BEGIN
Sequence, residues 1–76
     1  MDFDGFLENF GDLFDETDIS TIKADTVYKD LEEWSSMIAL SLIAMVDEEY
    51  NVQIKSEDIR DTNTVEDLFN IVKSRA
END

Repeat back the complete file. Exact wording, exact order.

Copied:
Sequence, residues 1–76
     1  MDFDGFLENF GDLFDETDIS TIKADTVYKD LEEWSSMIAL SLIAMVDEEY
    51  NVQIKSEDIR DTNTVEDLFN IVKSRA